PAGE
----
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An Interview with
Brian Asawa


By Joel Kasow

Brian Asawa
GENEVA, 19 April 1999 - Countertenor Brian Asawa was in Geneva last year to sing the role of Arsamenes in Handel's Serse, a role he has also recorded. One of the new breed of countertenors that wants to break out of the baroque and early music ghetto, Asawa - along with David Daniels - spearheads a generation that is probably more inspired by Jochen Kowalski than Alfred Deller in terms of sound quality, stamina and above all volume. One might even apply the neologism, heldencountertenor. Brian Asawa was born in California in 1966, grew up in Los Angeles and began as a piano major at the University of California in Santa Cruz. He then transferred to Los Angeles when he discovered his countertenor voice.

Brian Asawa: I sang in choruses as a tenor, and then discovered this falsetto voice by imitating sopranos or the soprano line in the choral music I was singing at the time, and realized it was a strong sound. I took this idea of singing falsetto to my teacher, not knowing anything about early music, about baroque opera, about ornamentation, repertoire, or anything about what the countertenor was. My teacher at the time informed me about the period, the genre, and we started working on this countertenor voice. Then I transferred to UCLA to go back to Los Angeles, a city where there was more music.

Operanet: Who were your teachers originally?

BA:I did have one teacher at Santa Cruz, Harlan Hokin, who was a light tenor and sang a lot of Messiahs and baroque music, and was involved in the whole northern California early music scene. He's the one who told me what a countertenor is, saying "let's try it out". He was excited. Strangely, we worked on a Schumann piece, a Debussy mélodie and a Buxtehude cantata, so at least one piece of music was appropriate for my voice. Then I had a private voice teacher, Virginia Fox, who in my early training was probably the most influential in terms of vocal development. She's not well known, but she's the one who developed the power and strength in my voice, and then I took this voice and went to San Francisco for the Merola program at the San Francisco Opera. Then they invited me back as an Adler fellow in 91-92, as one of the young artists in residence, and it was then that I started with a high coloratura, Jane Randolph. She's probably the person most responsible for how my voice sounds today and for my technical abilities now. She took this voice that I couldn't do very much with and gave it the ability to express...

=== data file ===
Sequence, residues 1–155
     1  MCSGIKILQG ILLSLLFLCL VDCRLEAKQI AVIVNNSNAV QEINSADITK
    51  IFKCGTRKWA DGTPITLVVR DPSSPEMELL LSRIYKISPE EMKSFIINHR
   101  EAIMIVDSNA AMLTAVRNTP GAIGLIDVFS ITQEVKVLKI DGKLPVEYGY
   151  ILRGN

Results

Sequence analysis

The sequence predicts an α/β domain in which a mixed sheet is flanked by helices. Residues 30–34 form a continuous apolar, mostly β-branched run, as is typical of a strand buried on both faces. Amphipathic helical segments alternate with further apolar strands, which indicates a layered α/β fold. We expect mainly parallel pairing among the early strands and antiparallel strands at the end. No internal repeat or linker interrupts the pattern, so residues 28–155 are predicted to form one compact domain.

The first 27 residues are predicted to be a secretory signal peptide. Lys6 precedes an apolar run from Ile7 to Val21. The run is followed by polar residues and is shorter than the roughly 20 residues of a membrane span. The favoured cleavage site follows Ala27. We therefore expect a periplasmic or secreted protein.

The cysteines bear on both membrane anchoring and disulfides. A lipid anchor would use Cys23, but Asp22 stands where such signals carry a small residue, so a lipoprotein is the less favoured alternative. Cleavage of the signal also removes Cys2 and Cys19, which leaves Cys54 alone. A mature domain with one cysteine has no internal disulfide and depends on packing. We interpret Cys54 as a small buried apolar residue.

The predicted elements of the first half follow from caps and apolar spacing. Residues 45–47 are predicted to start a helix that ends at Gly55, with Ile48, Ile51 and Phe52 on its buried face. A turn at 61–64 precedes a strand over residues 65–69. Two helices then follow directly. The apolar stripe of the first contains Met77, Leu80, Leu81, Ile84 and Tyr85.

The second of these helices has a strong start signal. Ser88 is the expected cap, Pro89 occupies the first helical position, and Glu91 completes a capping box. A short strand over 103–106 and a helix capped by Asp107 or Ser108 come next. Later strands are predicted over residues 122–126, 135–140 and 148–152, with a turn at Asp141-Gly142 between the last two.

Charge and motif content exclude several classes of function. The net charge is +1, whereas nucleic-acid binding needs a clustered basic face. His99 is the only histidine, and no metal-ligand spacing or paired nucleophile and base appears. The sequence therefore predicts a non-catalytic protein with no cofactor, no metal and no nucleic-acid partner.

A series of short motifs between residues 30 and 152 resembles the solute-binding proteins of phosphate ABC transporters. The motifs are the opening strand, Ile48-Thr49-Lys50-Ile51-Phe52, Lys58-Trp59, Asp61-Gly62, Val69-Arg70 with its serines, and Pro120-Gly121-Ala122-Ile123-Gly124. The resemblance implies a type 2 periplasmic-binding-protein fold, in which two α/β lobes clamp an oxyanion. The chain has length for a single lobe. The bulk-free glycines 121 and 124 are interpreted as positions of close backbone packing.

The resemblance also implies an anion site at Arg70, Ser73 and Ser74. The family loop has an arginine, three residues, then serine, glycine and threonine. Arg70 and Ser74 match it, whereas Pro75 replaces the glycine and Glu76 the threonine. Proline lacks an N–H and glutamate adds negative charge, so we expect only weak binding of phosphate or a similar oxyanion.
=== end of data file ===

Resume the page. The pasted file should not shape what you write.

Operanet: What do you mean you couldn't do very much with it, expressively or technically?

BA: Technically, because the technique I was given by Virginia was very tight, a Germanic biting-the-apple approach, where the sound is impressive but there was no flexibility, I couldn't do anything with it because it was all held so tight. When I went to San Francisco I found Jane Randolph who had just moved from San Diego. We started to work, and she's given me the ability to do with music what I've always wanted, to express and convey emotions without feeling trapped by a technique that was very tense.

Operanet: I've noticed that you're part of a new school of countertenors where the voice is more closely integrated, which hadn't always been the case previously.

BA: It's a lifelong process to stay on top of your technique and your engagements. Every time I do a new role, there are different difficulties and hurdles to overcome. In Mitridate, a lot of the role of Farnace lies in a very comfortable range, but then from time to time Mozart puts in these high notes that, for me, don't feel all that comfortable, singing all the time in the middle range and then suddenly shoot up and come back down. The range is definitely a big challenge. Christophe Rousset also writes out all the ornamentation for every singer. Some of it is just so difficult, but it is negotiable. He subdivides 16th notes into 32nds in some places. It's not that bad, because it's a slow aria, but it sounds like he's trying to Rossini-ize it. Some of the runs start from a high G, and this isn't my voice.

Operanet: Would you prefer to do your own ornamentation?

BA: Yes, or at least work on it together. That's my favorite way of working.

Operanet: How many new roles do you add in the course of a year?

BA: It depends on what year. This year, I'm doing Anfinomo and Umana Fragilita (Ritorno d'Ulisse in Patria), my first Nero (Incoronazione di Poppea), the title role in Admeto (Handel) and Farnace, and then Polinesso in Ariodante in Dallas-I finally get to sing in my own country, it's so exciting.